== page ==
While many of us experience excessive sebum production (and have oily, acne-prone, or combination skin), face oils are best suited for dry skin types whose body struggles to naturally nourish cells. However, face oils can be used by all skin types; it merely depends on the oils used and their respective functions.
In theory, there is a face oil suited for all skin types—even oily or acne-prone skin. It all comes down to the formula at play. However, if you have oily or acne-prone skin, you want to prioritize formulas that promise to be lightweight, non-comedogenic (non-clogging), and don’t build up on the skin. (Typically their molecules are small enough to be absorbed into the skin, whereas denser oils rest atop the skin and act more occlusively to block pores.) Jojoba, marula, rosehip, and squalane are the best lightweight bets for oily and acne-prone skin types, while a balanced formula with tea tree oil will also help to control bacteria and breakouts.
When do you use face oil?
You can use face oils in the morning and evening, after cleansing and hydrating (along with any other steps you add to your regimen). It’s important to use oils as the last step in your skincare regimen since their application would hinder any additional products from being absorbed. Just as they trap moisture in, they block the absorption of other nourishing ingredients once applied. Typically, they absorb quickly into your skin, and even if they rest atop the face, they won’t make drier skin types “feel oily”. You should be OK to lay your head on your pillow without waking with a stained pillowcase.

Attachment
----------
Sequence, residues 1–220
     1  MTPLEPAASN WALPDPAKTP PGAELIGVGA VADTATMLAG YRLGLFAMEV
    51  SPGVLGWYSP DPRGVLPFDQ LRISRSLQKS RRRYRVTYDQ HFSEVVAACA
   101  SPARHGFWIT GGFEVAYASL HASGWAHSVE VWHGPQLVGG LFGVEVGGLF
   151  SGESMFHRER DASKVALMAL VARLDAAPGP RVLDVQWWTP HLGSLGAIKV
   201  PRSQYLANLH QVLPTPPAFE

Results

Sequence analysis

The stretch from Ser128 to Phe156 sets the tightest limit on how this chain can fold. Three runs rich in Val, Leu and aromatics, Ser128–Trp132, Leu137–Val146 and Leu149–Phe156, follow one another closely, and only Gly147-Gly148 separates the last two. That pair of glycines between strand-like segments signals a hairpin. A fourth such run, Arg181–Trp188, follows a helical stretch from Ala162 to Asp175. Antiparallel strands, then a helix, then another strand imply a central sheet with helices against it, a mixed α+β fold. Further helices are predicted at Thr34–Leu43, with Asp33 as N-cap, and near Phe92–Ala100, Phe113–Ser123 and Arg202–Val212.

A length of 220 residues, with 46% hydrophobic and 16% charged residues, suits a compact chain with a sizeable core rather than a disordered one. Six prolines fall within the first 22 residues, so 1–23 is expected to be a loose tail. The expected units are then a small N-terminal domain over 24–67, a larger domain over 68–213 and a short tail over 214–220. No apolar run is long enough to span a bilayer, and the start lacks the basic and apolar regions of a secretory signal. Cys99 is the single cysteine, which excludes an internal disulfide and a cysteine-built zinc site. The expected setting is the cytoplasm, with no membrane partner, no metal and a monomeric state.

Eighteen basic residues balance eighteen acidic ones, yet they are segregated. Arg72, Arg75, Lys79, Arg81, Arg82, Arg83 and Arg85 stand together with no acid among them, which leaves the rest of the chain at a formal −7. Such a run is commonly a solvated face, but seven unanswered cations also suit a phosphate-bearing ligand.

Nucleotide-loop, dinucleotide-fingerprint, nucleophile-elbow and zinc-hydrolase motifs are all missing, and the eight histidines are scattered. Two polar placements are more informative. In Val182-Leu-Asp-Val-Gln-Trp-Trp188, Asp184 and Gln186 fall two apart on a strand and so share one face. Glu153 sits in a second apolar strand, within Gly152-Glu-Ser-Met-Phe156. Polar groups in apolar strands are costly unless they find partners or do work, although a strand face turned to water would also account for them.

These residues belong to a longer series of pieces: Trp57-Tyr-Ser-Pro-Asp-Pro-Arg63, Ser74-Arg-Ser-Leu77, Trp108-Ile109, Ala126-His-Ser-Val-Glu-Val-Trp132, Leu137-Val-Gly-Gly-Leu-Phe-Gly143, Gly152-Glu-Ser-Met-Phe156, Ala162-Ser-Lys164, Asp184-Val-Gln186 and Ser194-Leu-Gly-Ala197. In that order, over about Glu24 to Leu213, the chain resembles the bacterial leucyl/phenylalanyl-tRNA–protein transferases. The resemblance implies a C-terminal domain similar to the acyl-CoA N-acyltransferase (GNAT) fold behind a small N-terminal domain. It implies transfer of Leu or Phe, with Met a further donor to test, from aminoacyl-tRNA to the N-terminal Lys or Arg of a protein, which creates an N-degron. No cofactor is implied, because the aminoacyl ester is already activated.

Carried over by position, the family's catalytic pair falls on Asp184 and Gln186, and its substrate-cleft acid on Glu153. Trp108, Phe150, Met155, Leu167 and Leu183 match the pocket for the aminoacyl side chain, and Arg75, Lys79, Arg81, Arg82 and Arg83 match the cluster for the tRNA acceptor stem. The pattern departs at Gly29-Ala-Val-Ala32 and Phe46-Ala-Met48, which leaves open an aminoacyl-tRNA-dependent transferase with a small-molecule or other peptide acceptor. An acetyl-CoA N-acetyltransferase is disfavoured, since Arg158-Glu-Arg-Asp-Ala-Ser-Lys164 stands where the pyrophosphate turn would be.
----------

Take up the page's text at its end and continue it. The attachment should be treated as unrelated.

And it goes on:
As for seasonality: Some people may not want face oils at the height of summer when the humidity and heat keep their skin naturally nourished, but those same individuals may enjoy a face oil in colder, drier months, or in heavily air-conditioned spaces. Perennially dry skin types will benefit from use year round, since they are prone to moisture loss.
The Best Face Oils
Best Overall Face Oil: Jack Black MP10 Nourishing Oil
A melange of 10 nourishing oils (argan, moringa, jojoba, and marula get top bill), this multipurpose product is terrific on the face, beard, hair, or any dry patches of skin. As a pure face oil, it wears lightly and is particularly powerful on sensitive or irritable skin (like after a shave or on winter-parched / wind-burned skin). Best of all, if it’s your first foray into face oils and you find that you don’t like using them, you won’t waste the product since it has so many other use cases. Plus, it’s twice the volume of many other options (2 oz. instead of 1).